Posts Tagged ‘best friends’

Caregivers are feeling the pinch just like everyone else, but there is a difference. Many caregivers are used to caregiving on a dime. They’ve been on a “controlled” budget for years, and yet they may be reeling from their shrinking savings, or a recent change in insurance coverage that leaves them short. Another worry. How can caregivers make ends meet and not compromise case for their loved ones?

I don’t know about you, but I grew up with two very saving people. My parents were married in 1929 (and we all know what happened that year, managed to find jobs through the depression, then Daddy fought in WWII. I’m one of those kids that grew up with stockpiles of canned goods in every closet.

My mother was the original recycler–bread wrappers, aluminum foil, buttons, shoe strings…you name it and it got reused. But when my mom got Alzheimer’s and I became her caregiver, let me tell you, all that worrying and hoarding turned ugly. She fixated on things (part of the disease), and sadly, fear and worry grew with age. Being a sand-gen mom meant I had to keep everybody going–meals, laundry, meds, doctor appointments, kid’s needs filled my head and my heart and my hands. As it should be.

I’m not going to insult your intelligence by telling you to clip coupons or turn lights off in unused rooms. You know to put extra water in your soup and buy day old bread. I’m more concerned you’ll take “saving” too far and not get the things you really need.

It’s not easy, but I want you to know that you can do this. You can figure out how to handle your finances even in this tough, crazy time.

Caregivers possess a very important skill: ingenuity.

We’re problem solvers par excellent. We’ve had to figure out how to budget our time, our strength, our groceries, and even our sleep. And if you’ve gained a skill in one area, you can transfer that ability to another area.

So I’m going to give you some strange advice: Don’t go crazy with cutting back.


Because you have enough on your plate.

Because you’re probably already pretty saving.

Because you already have enough to worry about.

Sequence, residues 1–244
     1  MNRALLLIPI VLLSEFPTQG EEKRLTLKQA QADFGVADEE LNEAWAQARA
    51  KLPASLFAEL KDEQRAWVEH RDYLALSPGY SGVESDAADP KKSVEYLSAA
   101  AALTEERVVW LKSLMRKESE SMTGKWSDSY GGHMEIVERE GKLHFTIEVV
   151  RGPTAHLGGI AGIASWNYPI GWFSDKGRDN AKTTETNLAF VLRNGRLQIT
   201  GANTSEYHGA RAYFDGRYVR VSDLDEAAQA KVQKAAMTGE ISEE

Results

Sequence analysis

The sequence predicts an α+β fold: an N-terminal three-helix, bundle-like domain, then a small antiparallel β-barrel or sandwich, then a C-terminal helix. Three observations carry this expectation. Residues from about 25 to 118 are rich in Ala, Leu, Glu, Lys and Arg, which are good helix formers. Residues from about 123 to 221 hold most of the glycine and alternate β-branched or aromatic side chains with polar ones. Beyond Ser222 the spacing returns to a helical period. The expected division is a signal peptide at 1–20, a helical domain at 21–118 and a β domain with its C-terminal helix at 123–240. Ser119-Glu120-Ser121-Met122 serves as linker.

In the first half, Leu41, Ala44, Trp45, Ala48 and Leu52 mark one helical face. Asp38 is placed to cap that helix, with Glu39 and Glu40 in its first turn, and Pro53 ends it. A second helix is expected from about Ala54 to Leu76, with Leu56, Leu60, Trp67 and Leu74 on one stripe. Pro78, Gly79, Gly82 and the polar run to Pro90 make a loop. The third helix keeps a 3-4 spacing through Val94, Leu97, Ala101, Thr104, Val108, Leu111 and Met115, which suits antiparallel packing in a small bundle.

Because it’s best to concentrate on one or two areas where you really can save or get help.

Because your loved needs you to care more about your relationship than saving six bucks at the grocery store.

Because time is precious–even more precious than money. 

It’s easy to get caught up in the frenzy you hear in the news. It’s easy to panic. But panic won’t help. Turn off the news. Put on a CD, some music, a book on tape–whistle, call a friend.

Your role as a caregiver, (which also means you’re a spouse, a daughter, a son) means that you don’t get to freak out. You have many hats to wear. Your job is to keep the big picture in perspective–managing everything from your home to your health, from your loved one’s health (including mental health), and even dealing with issues of the dying process–grief, hospice, and death. You have to know when to forget the world and just hold hands.

If you’re considering doing without something–lights, heat, filling up your car with gas, renewing your license, foregoing that doctor’s appointment, or eating red meat–ask yourself this question: Can I live with the consequences of doing without this? If the answer is no, or it’s really taking a chance, then it’s not worth the risk. You can actually wind up spending more money by doing without something necessary–and then trying to play catch up.

 Caregive on a Dime:

  • Is your car older and paid off? You might want to consider changing your coverage and drop your comprehensive coverage. Your insurance will go down, but realize that if your car is stolen, vandalized or weather damaged, it won’t be covered. You’ll only be covered if you “collide” with another car. 
  • Ask your doctor before changing your prescriptions to the generic version. Why? Not all geriatric meds work the same. I know someone who had a reaction when switching to generic–it caused major problems.